Siblings whisperingI’d like to tell you about two software services that may be of interest to most clinicians who are looking for ways to provide a high level of privacy for clients. But first, some background:

At Person-Centered Tech, we are often asked how clinicians can do both of these things:

  • Do texting or email with clients in a way that meets HIPAA standards.
  • Keep texts and emails with clients highly private, regardless of who might be interested in seeing them. They usually want even the company that provides the service to be unable to read the messages or report the messages to outside parties.

These two things can be surprisingly hard to do together. It’s not that HIPAA wants to spy on you. That’s not the case at all. It’s that HIPAA, and our professional ethics, want us to keep thorough records. (Not sure how much you need to document about texts and emails? See our article on it here.)

There are a bunch of different apps out there that can do what I’ve decided to call “high privacy.” That would be private communications where no one but you and your client could feasibly ever read the messages you exchange. It can even mean they aren’t able to know if you’re exchanging messages at all. There are numerous reasons why some clinicians might want this. It could be that they just want the strongest privacy they can get for their clients. Many clinicians have also reported to us that their clients are concerned about their own privacy, and they want their therapist to support it as strongly as possible.

Very importantly, “high privacy” as I have defined it here is not a requirement for HIPAA compliance. With a proper HIPAA Business Associate Agreement (BAA) in place, it’s legal to use texting and email services that are able to read your messages. That’s the purpose of the BAA — it’s the company’s assurances that they’ll keep your information private and secure. So in this article, we’re talking about serving clients with even higher privacy desires than are typical or required by HIPAA.

Whatever the reason for wanting a high-privacy text or email service, the problem typically lies in these two points:

  • Many high privacy apps keep privacy high by destroying messages and records shortly after they’re read. This interferes with our ability to maintain the availability and integrity of the messages, which would violate both HIPAA and our professional ethics.
  • Most of the apps keep your messages on servers owned by the companies that make the apps. This requires a Business Associate Agreement for HIPAA compliance, which these companies generally aren’t prepared to do. This is true even if the company is not able to read your messages. It’s even true if they delete your messages but retain logs about who you exchanged messages with.

The above two points rule out most high-privacy apps. Fortunately, though, we know of two high-privacy apps that can meet our needs.

Our Reviews for Signal and ProtonMail

Signal is an open-source texting app for pretty much all smartphones. “Open source” means it is free as in “free beer” but also free as in “free speech.” For this among other reasons, we are happy to support and encourage its use by clinicians. It is very easy to use for both clinicians and clients, but it isn’t a “download and forget” kind of app. You do need to keep up your end of the security bargain, which we cover in an important link below. Signal’s servers retain nothing about your texting exchanges, which makes Signal very resistant to all forms of privacy invasion (so long as you keep up your end of the security bargain, of course.)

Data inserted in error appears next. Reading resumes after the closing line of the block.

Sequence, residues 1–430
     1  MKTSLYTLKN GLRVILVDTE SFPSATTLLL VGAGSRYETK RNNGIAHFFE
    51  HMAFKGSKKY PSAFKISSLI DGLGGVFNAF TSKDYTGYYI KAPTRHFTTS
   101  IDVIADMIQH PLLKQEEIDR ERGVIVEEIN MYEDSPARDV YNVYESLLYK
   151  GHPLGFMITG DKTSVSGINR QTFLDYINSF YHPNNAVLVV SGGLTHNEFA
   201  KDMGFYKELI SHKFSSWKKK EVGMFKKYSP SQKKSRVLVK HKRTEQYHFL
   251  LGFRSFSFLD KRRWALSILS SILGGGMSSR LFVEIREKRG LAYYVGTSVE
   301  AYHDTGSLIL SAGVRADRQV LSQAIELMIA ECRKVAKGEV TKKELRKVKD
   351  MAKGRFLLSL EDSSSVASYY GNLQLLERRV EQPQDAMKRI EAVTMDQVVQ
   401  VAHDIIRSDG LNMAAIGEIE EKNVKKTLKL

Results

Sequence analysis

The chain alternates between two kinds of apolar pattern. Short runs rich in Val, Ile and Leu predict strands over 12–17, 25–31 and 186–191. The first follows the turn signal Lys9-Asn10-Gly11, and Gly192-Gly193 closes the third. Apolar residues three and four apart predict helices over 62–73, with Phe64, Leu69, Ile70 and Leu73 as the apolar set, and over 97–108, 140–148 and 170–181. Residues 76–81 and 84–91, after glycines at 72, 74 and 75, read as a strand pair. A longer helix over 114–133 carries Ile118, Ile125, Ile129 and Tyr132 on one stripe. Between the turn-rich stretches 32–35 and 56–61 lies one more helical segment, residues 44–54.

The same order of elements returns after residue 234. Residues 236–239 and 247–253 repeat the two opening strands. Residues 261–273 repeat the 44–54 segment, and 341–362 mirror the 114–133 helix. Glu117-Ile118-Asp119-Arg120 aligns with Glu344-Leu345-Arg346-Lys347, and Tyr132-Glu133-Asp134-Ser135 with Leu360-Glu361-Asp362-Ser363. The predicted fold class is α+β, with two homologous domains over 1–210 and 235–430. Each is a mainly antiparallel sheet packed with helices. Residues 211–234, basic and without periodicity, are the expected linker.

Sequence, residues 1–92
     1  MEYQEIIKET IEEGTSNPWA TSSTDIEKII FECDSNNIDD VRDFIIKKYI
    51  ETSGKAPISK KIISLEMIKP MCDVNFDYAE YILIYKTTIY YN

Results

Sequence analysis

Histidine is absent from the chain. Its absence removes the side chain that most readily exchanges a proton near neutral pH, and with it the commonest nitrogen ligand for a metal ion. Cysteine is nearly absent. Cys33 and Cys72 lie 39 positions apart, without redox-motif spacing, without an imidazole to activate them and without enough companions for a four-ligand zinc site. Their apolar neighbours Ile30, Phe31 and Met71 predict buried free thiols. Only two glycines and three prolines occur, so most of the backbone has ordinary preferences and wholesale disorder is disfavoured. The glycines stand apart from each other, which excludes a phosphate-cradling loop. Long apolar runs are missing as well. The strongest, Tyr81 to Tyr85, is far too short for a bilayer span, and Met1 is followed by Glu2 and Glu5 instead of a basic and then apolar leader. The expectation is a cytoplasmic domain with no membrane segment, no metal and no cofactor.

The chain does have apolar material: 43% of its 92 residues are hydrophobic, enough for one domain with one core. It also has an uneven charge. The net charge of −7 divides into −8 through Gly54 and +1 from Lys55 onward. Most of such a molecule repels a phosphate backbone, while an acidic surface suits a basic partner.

A nice bonus about Signal is that in addition to providing high privacy, it also provides very easy-to-use secure texting. Many clinicians will want it simply for that reason.

ProtonMail is a commercial secure email service that provides an extra layer of privacy which prevents the ProtonMail company from reading your messages that they keep on their servers. Unlike Signal, however, ProtonMail does have information about who you exchanged messages with. So the privacy is not quite as high as Signal’s. It is very high, though.

“HIPAApropriateness” Reviews of These Services, Now Made Public For You

One service we provide here for our paid members is our HIPAApropriateness reviews. These are reviews where we explore the ways in which products meet or don’t meet our HIPAA and ethical needs, and where we give some guidance on how to use them in ways that maintain your HIPAA and ethics needs. See the full list of reviews here.

Our paid members of Person-Centered Tech Support are entitled to request new reviews for any products they need at any time. Normally only the paid subscribers would have access to read the reviews, as well.

Because of the growing importance of high privacy for our community, however, we have decided to make our reviews of Signal and Protonmail public. This means you don’t need to be a paid member of our site to read them. So we encourage you to read through them to help you decide if either of these services will be a good addition to your practice and your risk management planning.

Read our review of Signal

Read our review of ProtonMail

Note that even with high privacy services, texting and email still pose other risks that you need to manage yourself or in collaboration with clients. The full exploration is well beyond the scope of this little article, but is covered in our CE course on email and texting. See the course description here.